There’s only one redeeming thing about this
, and it’s the look on John Fund’s face as he walks past
hyperbolic documentary filmmaker John Ziegler. Ziegler spends
much of his time in this video chasing after the American
Conservative Union’s David Keene.
This is pretty awful stuff. I think Quin Hillyer had a
sufficiently Burkean respect when he said
felt that Keene should have an opportunity to explain the
Fedex/UPS situation, which Keene
. If you wanted more, the man’s pretty accessible. To then
accuse to the man’s face in a web video, repeatedly, that he
sells out for money, and then be shocked the man walks away, is
good dramatic affectation, but makes me roll my eyes.
There’s a certain amount of courtesy you extend in an interview.
When you repeatedly ask a question and you get the same answer,
you may be upset that the person isn’t giving you what you want,
but you don’t then chase them around a hotel, badgering them. You
do that if you’re Michael Moore, you do that if you’re an actor
on Punk’d. Let’s not say that this interview was done in good
faith — if Mr. Ziegler was so inclined, he could have asked for
clarification on the explanations already offered by Keene,
rather than oversimplify it by saying Keene’s opinions are for
sale. Even if you buy that indelicate phrasing, what say you
bring it up more thoughtfully?
In this, Ziegler makes a mess of what can be
complaints about the Fedex/UPS
, Keene’s support of Specter, or about how CPAC is
run. I say “can be” because as presented here, they’re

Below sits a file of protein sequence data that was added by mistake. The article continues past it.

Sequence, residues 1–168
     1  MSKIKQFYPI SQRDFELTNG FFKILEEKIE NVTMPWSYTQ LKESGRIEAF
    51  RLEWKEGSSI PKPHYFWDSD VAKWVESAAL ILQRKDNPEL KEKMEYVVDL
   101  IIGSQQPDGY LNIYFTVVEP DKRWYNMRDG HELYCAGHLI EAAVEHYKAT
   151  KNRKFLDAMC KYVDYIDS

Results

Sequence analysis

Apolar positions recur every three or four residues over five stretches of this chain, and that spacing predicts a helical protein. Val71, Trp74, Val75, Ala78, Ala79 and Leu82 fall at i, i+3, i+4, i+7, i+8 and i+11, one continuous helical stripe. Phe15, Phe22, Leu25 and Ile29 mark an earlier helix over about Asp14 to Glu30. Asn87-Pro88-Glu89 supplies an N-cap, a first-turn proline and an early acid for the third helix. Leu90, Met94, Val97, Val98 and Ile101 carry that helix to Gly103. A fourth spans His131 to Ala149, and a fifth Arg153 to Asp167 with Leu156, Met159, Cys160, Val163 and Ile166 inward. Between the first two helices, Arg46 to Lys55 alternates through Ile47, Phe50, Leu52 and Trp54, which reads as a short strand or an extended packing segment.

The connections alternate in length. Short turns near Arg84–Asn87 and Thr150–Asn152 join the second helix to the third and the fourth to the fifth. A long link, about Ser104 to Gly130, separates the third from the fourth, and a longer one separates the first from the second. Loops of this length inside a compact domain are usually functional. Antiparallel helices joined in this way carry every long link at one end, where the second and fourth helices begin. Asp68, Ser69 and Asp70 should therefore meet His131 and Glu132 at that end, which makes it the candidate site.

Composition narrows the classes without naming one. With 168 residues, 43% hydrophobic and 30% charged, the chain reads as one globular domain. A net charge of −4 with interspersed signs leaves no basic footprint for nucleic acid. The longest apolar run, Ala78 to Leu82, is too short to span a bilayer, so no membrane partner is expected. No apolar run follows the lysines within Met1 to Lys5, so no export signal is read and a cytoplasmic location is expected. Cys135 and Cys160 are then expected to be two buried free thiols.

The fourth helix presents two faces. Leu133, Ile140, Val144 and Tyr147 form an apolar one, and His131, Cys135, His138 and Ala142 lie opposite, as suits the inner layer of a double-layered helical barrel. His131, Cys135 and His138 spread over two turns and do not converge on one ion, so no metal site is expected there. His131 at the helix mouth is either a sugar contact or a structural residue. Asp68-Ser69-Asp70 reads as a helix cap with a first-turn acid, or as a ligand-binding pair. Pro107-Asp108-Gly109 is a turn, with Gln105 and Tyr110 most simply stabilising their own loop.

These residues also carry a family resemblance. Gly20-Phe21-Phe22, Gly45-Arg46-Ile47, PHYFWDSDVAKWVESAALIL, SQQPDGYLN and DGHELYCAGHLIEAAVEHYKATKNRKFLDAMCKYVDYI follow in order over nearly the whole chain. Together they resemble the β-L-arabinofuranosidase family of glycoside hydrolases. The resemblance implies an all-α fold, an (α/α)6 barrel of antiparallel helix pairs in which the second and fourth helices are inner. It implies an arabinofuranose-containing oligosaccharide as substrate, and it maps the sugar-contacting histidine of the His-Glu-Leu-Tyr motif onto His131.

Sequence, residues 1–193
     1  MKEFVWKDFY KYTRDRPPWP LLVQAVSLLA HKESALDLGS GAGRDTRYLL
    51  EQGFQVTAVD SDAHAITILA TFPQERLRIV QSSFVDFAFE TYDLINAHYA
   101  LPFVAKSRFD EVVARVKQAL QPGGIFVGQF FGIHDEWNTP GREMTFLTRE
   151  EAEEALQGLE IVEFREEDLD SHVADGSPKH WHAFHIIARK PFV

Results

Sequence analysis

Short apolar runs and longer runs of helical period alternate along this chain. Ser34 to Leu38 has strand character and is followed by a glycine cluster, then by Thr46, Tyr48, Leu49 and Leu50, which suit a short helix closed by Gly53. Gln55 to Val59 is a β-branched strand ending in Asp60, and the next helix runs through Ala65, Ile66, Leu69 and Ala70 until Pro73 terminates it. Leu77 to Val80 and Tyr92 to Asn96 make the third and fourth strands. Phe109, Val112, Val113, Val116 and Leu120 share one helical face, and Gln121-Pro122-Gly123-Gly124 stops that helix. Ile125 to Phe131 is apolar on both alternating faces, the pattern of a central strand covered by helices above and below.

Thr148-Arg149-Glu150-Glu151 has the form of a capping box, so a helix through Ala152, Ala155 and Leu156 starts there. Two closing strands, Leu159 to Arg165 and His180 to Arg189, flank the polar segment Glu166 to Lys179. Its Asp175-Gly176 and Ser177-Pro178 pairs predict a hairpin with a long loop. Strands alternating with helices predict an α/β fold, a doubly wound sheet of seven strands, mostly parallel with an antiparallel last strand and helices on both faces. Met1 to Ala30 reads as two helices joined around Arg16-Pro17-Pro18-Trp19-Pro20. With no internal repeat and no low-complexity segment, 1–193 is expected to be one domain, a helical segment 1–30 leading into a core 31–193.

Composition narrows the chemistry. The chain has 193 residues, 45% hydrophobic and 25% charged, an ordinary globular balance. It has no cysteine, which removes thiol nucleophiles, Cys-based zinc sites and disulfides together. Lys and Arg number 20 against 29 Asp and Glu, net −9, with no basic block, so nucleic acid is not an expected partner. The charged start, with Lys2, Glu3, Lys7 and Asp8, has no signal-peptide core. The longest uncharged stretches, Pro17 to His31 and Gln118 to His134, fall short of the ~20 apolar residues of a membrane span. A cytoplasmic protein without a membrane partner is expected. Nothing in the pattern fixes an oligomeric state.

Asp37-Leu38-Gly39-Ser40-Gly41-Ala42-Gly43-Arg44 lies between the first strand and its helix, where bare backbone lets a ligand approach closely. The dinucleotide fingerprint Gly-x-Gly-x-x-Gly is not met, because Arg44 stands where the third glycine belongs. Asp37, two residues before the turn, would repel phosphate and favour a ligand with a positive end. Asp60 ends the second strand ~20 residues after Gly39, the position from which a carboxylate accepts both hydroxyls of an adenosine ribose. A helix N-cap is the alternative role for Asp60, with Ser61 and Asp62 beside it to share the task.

dishonest. He squanders an opportunity to have a productive
discussion about it, and provokes a man into a fit.
- “A lot of people have expressed concerns about the
possibility of CPAC being run in a pay-for-play fashion. How are
you guarding against this?”
- “Person A should not have been granted a spot given these
examples of not being a proper conservative. What were the
considerations that allowed this person to appear nonetheless?”
- “You said in your response to the accusations of selling out
to FedEx the following […]. But yet there was still this point
you did not address…”
Keene was taken aback by the approach chosen, and responded
accordingly. That makes for some great T.V., some disappointment
about the man’s willingness to express his own anger, and didn’t
come out looking very good either. Announcing from the dais that
Ziegler was being objected was, of course, asking for more drama.
But my general sense of things is to take the line from Buckley.
Conservatism isn’t one giant comment board in which everyone can
flame to their heart’s content. This isn’t about “dissent,” this
is about people acting in good faith because we’re trying to do
the same thing.
That’s not to discount Ed Morrissey’s
over at HotAir:
And quite frankly, after spending several hundred dollars to
attend an event just to be told that dissent is “the heighth of
rudeness” and that bloggers should shut up and defer to their
movement elders was just a little too much too take.
I won’t return to events sponsored by the same organizations in
the future. The big problem with the conservative movement has
been its self-appointed leaders telling others to shut up and
follow in lockstep, and I don’t think any so-called movement
leaders taking that approach have the first foggy clue about
what the New Media and Tax Parties mean.
I know what he’s saying, because there are a bunch of
organizations that haven’t yet caught on to the fact that the
ground is shifting. But given that many of these “self-appointed
leaders” are so clueless, doesn’t that mean they are less
important, or will be soon enough? Why waste time?
The big problem is not the self-appointed leaders, although they
are problematic. It’s more the willingness of
conservatives to allow these self-appointed leaders to call the
shots. And that is finally changing too.